During the trial, jurors heard dramatic testimony from convicted gangsters, bookies, extortion victims, a disgraced FBI supervisor, ex-drug-dealers, retired FBI agents and relatives of people Bulger is accused of killing.

Prosecutors called 63 witnesses. The defense called 10. Former hit man John Martorano testified for both sides for a total of 72 witnesses over 35 days.

Bulger never took the stand despite repeated hints from his lawyers throughout trial he would testify. In fact, Bulger seemed to want to testify. Questioned by Judge Denise Casper, Bulger called his decision a “choice made involuntarily.”

He claimed he had been given immunity for his crimes by the former head of New England’s Organized-Crime Strike Force, Jeremiah O’Sullivan, now deceased.

Bulger, who lost his temper several times during the trial, appeared angry, shaking his finger at the judge and claiming he was “choked off from making an adequate defense.”

“I didn’t get a fair trial. This is a sham. Do what ya’s want with me,” Bulger said.

Families of the victims have been in court every day of the trial. The wife of one of the victims shouted “You’re a coward!”

Patricia Donahue’s husband, a truck driver, was killed in the crossfire of a slaying Bulger allegedly committed. She later explained Bulger had a chance to take the stand and tell the truth.

Bulger’s partner, Steve “The Rifleman” Flemmi, testified as one of the government’s star witnesses, and he said that he saw Bulger strangle the two women. The defense team, however, presented evidence that Flemmi had the greater motive to kill his own girlfriend and his stepdaughter.

The girlfriend, Debra Davis, was about to leave him for another man. The defense recalled Martorano, who testified that Flemmi admitted he “accidentally strangled” the 26-year-old woman.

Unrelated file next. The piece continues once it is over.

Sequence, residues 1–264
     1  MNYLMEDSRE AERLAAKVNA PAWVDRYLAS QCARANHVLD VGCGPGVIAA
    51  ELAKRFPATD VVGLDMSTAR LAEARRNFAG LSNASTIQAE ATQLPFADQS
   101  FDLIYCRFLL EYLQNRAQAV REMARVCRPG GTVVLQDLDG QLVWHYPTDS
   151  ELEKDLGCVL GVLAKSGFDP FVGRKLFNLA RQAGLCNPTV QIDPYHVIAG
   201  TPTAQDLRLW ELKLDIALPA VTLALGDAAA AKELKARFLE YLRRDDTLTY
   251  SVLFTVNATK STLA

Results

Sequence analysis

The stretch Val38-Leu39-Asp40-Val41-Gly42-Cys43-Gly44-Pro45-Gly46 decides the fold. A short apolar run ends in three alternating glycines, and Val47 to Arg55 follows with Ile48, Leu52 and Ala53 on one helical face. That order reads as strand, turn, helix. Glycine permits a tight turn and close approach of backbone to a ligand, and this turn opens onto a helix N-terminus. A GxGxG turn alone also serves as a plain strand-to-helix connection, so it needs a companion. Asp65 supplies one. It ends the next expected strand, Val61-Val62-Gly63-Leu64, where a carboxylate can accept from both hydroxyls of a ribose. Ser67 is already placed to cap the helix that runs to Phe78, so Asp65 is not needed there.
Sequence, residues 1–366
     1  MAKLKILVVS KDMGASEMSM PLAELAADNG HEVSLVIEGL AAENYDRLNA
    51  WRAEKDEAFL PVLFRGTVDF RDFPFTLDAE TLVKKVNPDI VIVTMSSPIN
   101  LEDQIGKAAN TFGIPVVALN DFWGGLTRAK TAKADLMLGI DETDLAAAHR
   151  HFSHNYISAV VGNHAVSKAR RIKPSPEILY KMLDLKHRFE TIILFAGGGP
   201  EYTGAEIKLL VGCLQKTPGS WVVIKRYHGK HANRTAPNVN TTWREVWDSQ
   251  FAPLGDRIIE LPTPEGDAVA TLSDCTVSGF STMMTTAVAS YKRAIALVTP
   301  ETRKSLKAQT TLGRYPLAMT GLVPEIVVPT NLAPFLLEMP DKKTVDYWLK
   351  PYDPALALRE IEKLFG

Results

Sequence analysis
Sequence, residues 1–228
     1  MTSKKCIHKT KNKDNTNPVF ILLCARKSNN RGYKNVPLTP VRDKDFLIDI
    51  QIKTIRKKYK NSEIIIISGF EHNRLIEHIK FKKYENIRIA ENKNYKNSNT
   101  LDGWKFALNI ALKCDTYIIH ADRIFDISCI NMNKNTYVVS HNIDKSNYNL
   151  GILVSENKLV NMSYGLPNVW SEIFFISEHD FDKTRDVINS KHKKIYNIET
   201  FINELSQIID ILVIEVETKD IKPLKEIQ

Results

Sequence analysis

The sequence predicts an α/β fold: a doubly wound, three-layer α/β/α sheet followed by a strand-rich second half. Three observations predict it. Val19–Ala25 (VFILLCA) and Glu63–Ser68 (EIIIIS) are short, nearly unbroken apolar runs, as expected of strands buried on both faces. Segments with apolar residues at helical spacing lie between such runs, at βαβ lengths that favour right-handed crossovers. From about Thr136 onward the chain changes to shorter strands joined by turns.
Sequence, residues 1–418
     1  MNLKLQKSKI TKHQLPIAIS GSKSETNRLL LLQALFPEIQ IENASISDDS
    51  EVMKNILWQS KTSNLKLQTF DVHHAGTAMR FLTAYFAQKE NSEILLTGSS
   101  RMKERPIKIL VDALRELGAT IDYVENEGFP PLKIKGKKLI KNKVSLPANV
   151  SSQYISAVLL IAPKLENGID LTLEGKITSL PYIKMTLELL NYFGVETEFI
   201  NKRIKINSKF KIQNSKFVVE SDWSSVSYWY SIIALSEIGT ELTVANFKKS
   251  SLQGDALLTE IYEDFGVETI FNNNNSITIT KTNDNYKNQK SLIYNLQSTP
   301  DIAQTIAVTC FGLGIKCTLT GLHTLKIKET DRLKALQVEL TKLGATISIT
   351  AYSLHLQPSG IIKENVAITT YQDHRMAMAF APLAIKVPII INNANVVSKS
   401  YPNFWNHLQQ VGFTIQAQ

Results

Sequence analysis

Martorano joins a laundry list of gangsters gone government witnesses, testifying under immunity after they learned Bulger was an informant for the FBI for nearly two decades.

Flemmi acknowledged he lured Davis to a home but says Bulger strangled her because she was talking too much and had become a liability.

As for Flemmi’s common-law stepdaughter, Deborah Hussey, Bulger’s lawyers presented evidence Flemmi had apparently been sexually abusing the girl for years.

Flemmi also called her, among other things, a “prostitute … doing drugs.” Flemmi says he took her shopping before bringing her to a home where Bulger was waiting. He said Bulger got a perverse high from strangling her.

A number of retired FBI agents and supervisors also took the stand, many testifying that they believed Bulger should have been shut down as an informant because he wasn’t providing any useful information.

The agents said they never pressed the issue because apparently FBI headquarters felt Bulger was useful in taking down the New England Mafia.

There are 18 jurors,12 with six alternates. Eleven are men and seven are women.”

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Douglas McNabb – McNabb Associates, P.C.’s
Federal Criminal Defense Attorneys Videos:

Federal Crimes – Be Careful

Federal Crimes – Be Proactive

Federal Crimes – Federal Indictment

Federal Crimes – Appeal

————————————————————–

To find additional federal criminal news, please read Federal Criminal Defense Daily.

Douglas McNabb and other members of the U.S. law firm practice and write and/or report extensively on matters involving Federal Criminal Defense, INTERPOL Red Notice Removal, International Extradition Defense, OFAC SDN Sanctions Removal, International Criminal Court Defense, and US Seizure of Non-Resident, Foreign-Owned Assets. Because we have experience dealing with INTERPOL, our firm understands the inter-relationship that INTERPOL’s “Red Notice” brings to this equation.

The author of this blog is Douglas C. McNabb. Please feel free to contact him directly at mcnabb@mcnabbassociates.com or at one of the offices listed above.


“Key witness in ‘Whitey’ Bulger gangster trial found dead”